Up close and personal with Berlin Street Art.

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Street Art and Graffiti is illegal in Berlin, you wouldn’t think so though as almost every surface, wherever you look or walk, is covered with paint, stencils and paste-ups, giving this iconic city it’s reputation as the street art capital of Europe.


During my stay, I learnt to look out for a few of the better-known artists. Sobr who is known for his dancing girls and El Bocho, for his Lucy series that shows her killing her cat, among them. There is even a wall where a Banksy piece once took centre place, until somebody came in the night and removed most of the wall and art, for themselves. Berlin I’m told, is also the only place where Bansky was ever arrested for ‘damage to property’ yet set to face a court hearing, managed to get out of the country before his identity could be revealed to the world.

As for terminology, what we would call graffiti is actually the ‘tag’ and ‘letter’ style. While street art is all of the rest. There are stencils and paste ups too, which are quick to put up and these artists often create and put up as many as 40 around the city in a night. This activity is referred to as bombing, ironic in a city such as Berlin that saw itself under attack during World War II. This remains a male dominated world, with 85% of all urban art still created by men, something that doesn’t seem to be fast changing. Some of my varied discoveries in my photoset of below.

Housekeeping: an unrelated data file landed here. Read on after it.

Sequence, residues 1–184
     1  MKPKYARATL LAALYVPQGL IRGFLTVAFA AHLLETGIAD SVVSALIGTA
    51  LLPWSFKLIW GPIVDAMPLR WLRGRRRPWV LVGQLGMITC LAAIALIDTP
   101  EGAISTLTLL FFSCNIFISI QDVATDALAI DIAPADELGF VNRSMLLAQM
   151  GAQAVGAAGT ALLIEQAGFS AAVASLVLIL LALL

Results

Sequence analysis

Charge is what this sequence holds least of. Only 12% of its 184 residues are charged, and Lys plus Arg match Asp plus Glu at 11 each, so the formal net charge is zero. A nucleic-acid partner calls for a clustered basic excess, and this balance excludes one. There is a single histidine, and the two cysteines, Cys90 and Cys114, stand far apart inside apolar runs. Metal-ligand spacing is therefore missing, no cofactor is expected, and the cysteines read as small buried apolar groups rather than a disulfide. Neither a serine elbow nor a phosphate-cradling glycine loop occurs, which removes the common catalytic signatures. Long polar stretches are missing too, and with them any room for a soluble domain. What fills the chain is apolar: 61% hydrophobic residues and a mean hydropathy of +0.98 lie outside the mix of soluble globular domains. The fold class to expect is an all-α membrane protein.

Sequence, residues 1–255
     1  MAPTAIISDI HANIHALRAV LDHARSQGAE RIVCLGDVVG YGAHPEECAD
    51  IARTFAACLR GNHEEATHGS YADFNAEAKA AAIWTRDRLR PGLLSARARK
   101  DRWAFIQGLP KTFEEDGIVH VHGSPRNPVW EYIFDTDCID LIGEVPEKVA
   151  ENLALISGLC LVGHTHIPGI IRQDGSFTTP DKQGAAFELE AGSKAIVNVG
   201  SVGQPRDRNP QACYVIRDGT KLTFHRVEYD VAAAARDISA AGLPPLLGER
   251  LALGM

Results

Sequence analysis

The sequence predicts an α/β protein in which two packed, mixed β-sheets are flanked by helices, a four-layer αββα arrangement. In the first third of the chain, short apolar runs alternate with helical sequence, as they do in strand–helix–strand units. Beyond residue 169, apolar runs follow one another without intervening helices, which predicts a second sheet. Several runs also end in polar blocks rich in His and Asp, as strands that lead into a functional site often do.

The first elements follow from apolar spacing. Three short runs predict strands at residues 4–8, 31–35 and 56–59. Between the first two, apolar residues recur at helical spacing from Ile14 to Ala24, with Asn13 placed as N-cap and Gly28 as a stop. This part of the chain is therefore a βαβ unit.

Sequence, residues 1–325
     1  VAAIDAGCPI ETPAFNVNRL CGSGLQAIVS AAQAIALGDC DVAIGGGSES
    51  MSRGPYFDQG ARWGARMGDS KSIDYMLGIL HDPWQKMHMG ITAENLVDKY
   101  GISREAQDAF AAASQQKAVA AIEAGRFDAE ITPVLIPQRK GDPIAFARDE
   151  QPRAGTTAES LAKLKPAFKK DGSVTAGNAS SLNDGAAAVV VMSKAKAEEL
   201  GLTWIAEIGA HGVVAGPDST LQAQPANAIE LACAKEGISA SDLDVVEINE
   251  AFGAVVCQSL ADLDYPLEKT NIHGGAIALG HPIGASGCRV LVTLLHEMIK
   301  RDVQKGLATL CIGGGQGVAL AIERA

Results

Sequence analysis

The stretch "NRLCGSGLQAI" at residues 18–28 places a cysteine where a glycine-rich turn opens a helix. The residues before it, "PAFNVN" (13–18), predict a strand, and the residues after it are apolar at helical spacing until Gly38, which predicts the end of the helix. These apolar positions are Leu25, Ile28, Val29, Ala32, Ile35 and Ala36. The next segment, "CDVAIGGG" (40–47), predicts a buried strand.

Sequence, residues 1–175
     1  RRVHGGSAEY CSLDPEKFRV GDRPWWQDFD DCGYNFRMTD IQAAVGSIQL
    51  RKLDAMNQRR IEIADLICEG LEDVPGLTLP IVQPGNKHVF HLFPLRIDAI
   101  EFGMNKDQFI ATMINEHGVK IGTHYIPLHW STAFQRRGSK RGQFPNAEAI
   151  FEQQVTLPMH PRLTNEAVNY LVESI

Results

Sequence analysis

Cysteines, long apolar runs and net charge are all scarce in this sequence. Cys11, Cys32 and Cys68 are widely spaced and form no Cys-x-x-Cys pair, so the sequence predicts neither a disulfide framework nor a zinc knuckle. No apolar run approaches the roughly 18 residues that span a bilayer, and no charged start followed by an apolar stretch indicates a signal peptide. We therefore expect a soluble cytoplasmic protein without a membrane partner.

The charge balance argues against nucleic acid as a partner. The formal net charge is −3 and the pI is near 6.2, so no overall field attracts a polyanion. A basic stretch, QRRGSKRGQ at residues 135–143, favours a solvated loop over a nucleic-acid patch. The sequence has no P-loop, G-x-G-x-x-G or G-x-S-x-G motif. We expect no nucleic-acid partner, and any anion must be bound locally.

An excellent article on Das Bombing: Graffiti in Germany and Europe.

More observant visitors to the city may notice the small figures that have popped up on many of Berlin’s street signs. Made from cork and skewers, the figures appear in various hatha yoga poses and have become a firm fixture of the Berlin street art scene with over 500 street yogis appearing in various locations throughout Berlin. The artist behind these figures is a Berlin artist, a natural health practitioner and yoga teacher. He was inspired by the artist Slinkachu from London, who crafted tiny figures and had them swimming in puddles or skateboarding in orange peel.

Have a look at Street Art Berlin for some inspiration and additional information. They even offer an international artist exchange as they want to support a living international street art scene. Worldwide. If you are an artist and wants to go to Berlin they can give you support in legally finding great walls and excellent places to paint or even help to organise an exhibition. Urban art and street art can be found everywhere in Berlin. On screens, façades, doorways and on walls, but also in places where one might not expect to find art. Corners of houses, bridge piers and the roadside become canvases for art that often has a political message.

Unconventional forms of art such as urban knitting and guerrilla gardening offer new options for aesthetic expression that serve the common good. Public art inspires Berliners and visitors alike. It makes the cityscape more colourful and can be appreciated by everyone. Berlin’s street art is known around the world: artists such as El Bocho, XOOOOX and Evol live and work here.


** Pics sourced on Pixabay.

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